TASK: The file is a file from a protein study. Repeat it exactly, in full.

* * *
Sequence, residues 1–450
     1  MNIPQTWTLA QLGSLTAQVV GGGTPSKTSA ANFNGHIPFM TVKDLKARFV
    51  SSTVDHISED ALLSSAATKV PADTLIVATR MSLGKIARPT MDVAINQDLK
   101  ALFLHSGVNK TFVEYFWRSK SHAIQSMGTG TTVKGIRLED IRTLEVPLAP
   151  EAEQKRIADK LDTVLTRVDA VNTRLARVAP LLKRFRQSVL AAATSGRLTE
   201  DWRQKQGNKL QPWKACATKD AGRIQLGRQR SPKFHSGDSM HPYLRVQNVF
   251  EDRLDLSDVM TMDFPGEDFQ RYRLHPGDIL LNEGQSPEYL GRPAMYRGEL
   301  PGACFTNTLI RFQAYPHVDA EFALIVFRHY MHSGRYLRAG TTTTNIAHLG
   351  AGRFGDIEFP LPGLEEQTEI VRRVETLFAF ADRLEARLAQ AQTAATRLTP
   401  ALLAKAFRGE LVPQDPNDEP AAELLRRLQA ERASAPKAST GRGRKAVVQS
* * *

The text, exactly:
Sequence, residues 1–450
     1  MNIPQTWTLA QLGSLTAQVV GGGTPSKTSA ANFNGHIPFM TVKDLKARFV
    51  SSTVDHISED ALLSSAATKV PADTLIVATR MSLGKIARPT MDVAINQDLK
   101  ALFLHSGVNK TFVEYFWRSK SHAIQSMGTG TTVKGIRLED IRTLEVPLAP
   151  EAEQKRIADK LDTVLTRVDA VNTRLARVAP LLKRFRQSVL AAATSGRLTE
   201  DWRQKQGNKL QPWKACATKD AGRIQLGRQR SPKFHSGDSM HPYLRVQNVF
   251  EDRLDLSDVM TMDFPGEDFQ RYRLHPGDIL LNEGQSPEYL GRPAMYRGEL
   301  PGACFTNTLI RFQAYPHVDA EFALIVFRHY MHSGRYLRAG TTTTNIAHLG
   351  AGRFGDIEFP LPGLEEQTEI VRRVETLFAF ADRLEARLAQ AQTAATRLTP
   401  ALLAKAFRGE LVPQDPNDEP AAELLRRLQA ERASAPKAST GRGRKAVVQS